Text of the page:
Location: 500 First St NW, 9th Floor
Date: March 5, 2024

In 1990, Italian philosopher Norberto Bobbio published an influential collection of essays entitled The Age of Rights, arguing that the emergence of human rights was a marker of progress in a world torn apart by war and inequality. That same year, Lou Henkin, widely recognized as the father of human rights law in the U.S., published a book of the same name. Both scholars sought to explain the importance of human rights in protecting the inherent dignity of human beings and preserving democratic values.

But that “Age of Rights” was warped by States locked in Cold War division, which led to the separation of human rights into two categories, giving a lower level of protection and justiciability to economic, social and cultural rights. Today, we see the repercussions of this artificial division: greater inequality, and an opening for authoritarian governments to advance a vision of the world very different from the one set forth in the Universal Declaration of Human rights.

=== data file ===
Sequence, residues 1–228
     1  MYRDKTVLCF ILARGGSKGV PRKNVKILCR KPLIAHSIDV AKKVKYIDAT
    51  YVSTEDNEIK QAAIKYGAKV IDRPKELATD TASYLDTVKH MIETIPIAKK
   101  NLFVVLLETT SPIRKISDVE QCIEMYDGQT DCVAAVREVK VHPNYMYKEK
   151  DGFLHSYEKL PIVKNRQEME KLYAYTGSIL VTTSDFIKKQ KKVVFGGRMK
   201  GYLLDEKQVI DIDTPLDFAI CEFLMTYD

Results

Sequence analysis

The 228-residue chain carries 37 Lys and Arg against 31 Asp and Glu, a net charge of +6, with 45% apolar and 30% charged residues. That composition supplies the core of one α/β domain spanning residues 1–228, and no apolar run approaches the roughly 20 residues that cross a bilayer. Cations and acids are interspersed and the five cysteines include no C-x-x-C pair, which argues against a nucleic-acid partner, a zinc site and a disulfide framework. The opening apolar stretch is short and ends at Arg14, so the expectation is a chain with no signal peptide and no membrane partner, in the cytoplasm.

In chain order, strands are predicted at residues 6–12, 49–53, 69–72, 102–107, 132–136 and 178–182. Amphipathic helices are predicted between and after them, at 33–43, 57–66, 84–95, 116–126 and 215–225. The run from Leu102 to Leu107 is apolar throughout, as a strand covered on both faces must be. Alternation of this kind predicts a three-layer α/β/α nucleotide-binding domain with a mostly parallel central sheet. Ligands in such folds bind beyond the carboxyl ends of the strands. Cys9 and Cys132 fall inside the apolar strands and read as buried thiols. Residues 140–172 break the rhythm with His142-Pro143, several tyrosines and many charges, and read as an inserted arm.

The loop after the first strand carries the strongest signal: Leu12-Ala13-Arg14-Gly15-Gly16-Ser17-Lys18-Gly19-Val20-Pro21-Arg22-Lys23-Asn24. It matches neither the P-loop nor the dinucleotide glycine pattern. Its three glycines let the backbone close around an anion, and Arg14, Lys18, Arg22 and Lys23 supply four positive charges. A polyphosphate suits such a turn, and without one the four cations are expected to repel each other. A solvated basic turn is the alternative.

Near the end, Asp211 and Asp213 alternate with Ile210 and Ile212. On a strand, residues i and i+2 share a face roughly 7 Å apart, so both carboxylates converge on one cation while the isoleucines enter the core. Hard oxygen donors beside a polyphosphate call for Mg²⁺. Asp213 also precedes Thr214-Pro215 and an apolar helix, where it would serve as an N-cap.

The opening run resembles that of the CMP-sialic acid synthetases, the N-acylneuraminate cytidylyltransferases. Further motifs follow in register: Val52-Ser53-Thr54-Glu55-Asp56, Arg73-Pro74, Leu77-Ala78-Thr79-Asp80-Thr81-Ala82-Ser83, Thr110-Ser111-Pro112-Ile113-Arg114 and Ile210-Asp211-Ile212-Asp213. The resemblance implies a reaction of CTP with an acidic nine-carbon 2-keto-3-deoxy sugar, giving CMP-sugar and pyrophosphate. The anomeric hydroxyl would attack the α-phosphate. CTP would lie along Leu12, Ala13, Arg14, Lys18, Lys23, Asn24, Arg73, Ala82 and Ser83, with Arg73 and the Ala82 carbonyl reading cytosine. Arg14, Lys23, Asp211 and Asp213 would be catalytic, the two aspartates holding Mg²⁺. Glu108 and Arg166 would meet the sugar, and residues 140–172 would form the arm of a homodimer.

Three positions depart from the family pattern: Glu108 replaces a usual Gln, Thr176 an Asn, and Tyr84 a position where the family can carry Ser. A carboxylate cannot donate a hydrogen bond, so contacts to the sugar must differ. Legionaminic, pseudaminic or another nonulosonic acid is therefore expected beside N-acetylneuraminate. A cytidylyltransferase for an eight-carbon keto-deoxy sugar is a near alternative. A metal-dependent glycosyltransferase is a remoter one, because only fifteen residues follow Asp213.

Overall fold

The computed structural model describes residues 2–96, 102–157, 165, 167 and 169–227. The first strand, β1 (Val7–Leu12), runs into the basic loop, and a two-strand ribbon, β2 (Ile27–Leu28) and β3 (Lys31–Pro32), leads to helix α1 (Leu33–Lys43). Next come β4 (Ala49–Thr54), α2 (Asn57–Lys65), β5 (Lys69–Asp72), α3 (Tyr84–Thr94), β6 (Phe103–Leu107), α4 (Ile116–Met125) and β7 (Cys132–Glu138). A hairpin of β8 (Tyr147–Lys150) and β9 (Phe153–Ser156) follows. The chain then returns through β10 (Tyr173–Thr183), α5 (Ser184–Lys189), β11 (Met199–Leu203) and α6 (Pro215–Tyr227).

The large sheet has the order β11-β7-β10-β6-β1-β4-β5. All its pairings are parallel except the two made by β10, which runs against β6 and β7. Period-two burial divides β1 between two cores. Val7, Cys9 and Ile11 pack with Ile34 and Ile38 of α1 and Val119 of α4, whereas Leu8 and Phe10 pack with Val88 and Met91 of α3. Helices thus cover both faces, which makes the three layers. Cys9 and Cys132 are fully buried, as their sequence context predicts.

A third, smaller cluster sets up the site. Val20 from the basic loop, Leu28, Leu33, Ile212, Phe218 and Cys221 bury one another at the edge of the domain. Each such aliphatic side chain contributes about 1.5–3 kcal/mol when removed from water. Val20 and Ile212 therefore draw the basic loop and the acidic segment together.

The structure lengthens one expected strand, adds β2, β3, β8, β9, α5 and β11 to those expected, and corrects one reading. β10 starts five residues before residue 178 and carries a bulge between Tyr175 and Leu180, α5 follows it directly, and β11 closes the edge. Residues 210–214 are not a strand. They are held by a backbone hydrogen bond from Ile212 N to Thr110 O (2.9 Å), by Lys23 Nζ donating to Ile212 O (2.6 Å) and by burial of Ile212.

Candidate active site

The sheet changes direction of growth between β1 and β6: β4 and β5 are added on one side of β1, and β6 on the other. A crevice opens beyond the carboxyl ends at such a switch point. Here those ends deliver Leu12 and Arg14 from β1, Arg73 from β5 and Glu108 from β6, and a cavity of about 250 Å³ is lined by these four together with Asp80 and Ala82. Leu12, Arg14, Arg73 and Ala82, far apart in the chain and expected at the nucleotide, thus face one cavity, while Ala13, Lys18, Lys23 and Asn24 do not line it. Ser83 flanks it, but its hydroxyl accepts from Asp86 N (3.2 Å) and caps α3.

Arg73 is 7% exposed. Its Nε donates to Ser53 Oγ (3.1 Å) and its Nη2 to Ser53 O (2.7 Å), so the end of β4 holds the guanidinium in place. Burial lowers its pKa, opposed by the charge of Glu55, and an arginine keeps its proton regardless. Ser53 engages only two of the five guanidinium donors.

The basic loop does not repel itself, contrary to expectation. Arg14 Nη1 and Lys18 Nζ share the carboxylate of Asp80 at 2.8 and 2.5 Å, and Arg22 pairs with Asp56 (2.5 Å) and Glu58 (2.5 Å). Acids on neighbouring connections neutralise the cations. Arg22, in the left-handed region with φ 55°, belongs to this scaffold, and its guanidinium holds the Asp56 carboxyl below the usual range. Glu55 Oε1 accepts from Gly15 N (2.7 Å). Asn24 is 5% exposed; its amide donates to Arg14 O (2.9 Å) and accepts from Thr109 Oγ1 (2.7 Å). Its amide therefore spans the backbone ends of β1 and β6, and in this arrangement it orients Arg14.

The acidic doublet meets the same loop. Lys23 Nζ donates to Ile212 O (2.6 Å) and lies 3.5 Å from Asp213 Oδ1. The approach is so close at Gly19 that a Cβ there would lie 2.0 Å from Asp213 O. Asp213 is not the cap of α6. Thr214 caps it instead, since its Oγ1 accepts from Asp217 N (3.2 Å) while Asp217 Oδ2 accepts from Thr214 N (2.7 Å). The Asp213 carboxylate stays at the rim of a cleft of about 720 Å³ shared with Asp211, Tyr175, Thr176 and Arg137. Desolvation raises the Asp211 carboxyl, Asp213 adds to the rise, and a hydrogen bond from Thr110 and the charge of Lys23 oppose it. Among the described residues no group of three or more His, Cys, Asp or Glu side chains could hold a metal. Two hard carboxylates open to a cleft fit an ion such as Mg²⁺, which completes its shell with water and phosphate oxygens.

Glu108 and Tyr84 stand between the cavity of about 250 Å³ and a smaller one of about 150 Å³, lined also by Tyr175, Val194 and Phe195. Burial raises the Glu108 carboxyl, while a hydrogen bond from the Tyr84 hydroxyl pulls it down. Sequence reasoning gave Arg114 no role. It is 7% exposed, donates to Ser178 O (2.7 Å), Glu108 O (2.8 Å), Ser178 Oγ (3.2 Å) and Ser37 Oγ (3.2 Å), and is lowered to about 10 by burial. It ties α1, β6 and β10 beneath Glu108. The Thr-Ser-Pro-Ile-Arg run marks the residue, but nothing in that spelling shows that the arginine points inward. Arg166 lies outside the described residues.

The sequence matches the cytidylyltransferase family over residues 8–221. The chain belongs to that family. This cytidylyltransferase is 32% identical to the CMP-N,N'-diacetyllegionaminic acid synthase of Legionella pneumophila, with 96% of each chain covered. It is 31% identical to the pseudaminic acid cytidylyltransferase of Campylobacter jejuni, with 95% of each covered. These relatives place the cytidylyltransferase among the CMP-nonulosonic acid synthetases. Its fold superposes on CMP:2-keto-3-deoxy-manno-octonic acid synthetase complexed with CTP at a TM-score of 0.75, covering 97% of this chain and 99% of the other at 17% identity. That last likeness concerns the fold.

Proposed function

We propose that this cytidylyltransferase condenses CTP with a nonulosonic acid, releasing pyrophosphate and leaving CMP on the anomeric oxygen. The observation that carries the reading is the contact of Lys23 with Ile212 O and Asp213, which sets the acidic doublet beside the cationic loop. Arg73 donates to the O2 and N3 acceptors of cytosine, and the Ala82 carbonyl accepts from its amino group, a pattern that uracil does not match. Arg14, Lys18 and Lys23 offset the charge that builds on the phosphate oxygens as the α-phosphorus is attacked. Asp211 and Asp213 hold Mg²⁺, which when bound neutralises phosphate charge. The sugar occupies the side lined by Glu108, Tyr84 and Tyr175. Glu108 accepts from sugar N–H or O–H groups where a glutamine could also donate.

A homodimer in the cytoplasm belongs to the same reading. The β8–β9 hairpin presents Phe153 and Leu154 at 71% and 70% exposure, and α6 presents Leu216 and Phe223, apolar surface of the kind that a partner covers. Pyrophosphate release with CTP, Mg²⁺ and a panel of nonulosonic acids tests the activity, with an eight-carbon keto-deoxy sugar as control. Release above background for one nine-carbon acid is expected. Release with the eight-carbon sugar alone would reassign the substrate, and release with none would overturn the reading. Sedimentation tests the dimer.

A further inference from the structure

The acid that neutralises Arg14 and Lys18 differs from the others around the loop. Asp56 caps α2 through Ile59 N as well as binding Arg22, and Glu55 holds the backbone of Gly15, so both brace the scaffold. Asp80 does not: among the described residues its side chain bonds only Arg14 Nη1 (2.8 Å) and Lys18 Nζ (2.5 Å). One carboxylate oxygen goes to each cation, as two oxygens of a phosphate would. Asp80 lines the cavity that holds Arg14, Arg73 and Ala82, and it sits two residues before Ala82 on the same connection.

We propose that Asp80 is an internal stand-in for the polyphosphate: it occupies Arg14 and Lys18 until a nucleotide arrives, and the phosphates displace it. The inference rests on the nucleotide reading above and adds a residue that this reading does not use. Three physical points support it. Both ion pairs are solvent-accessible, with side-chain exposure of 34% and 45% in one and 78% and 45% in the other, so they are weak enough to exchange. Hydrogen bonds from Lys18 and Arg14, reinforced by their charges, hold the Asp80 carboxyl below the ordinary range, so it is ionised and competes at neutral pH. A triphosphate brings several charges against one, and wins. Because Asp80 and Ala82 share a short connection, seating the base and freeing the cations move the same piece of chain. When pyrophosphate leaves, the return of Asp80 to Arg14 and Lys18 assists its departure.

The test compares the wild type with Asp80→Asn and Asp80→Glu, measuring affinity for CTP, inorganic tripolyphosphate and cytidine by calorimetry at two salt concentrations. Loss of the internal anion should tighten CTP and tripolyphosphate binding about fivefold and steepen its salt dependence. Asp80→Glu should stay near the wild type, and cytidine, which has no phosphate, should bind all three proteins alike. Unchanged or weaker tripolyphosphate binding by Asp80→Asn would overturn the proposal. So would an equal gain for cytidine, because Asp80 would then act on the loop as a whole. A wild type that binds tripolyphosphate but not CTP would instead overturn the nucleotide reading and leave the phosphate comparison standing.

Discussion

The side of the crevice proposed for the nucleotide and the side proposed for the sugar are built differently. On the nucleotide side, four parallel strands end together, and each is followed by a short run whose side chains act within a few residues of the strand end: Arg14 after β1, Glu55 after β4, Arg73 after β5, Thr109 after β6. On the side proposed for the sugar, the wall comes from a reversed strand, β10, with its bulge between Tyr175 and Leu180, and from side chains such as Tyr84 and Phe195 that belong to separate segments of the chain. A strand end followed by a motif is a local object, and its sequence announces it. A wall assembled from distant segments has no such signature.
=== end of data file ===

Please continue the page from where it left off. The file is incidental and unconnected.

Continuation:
In the wake of one of humanity’s worst pandemics and facing an unprecedented climate emergency, we must tackle with urgency the task of repairing this breach. Our Age of Rights must be one that takes Economic, Social, Cultural and Environmental Rights seriously. What would that look like? Fortunately, we have a model in the Inter-American Human Rights system, which has made unparalleled progress in advancing national and international standards for their recognition and protection. As the first ever expert in the Inter-American system to carry this mandate, our Drinan Chair will draw on her recent experiences, as the Special Rapporteur for Economic, Social, Cultural, and Environmental Rights to chart a course for the future.

Join the Human Rights Institute on Tuesday, March 5th for our annual Drinan Chair Lecture on Human Rights, delivered by Professor Soledad García Muñoz. Also featuring an introduction by former commissioner of the Inter-American Commission on Human Rights Margarette May Macaulay.


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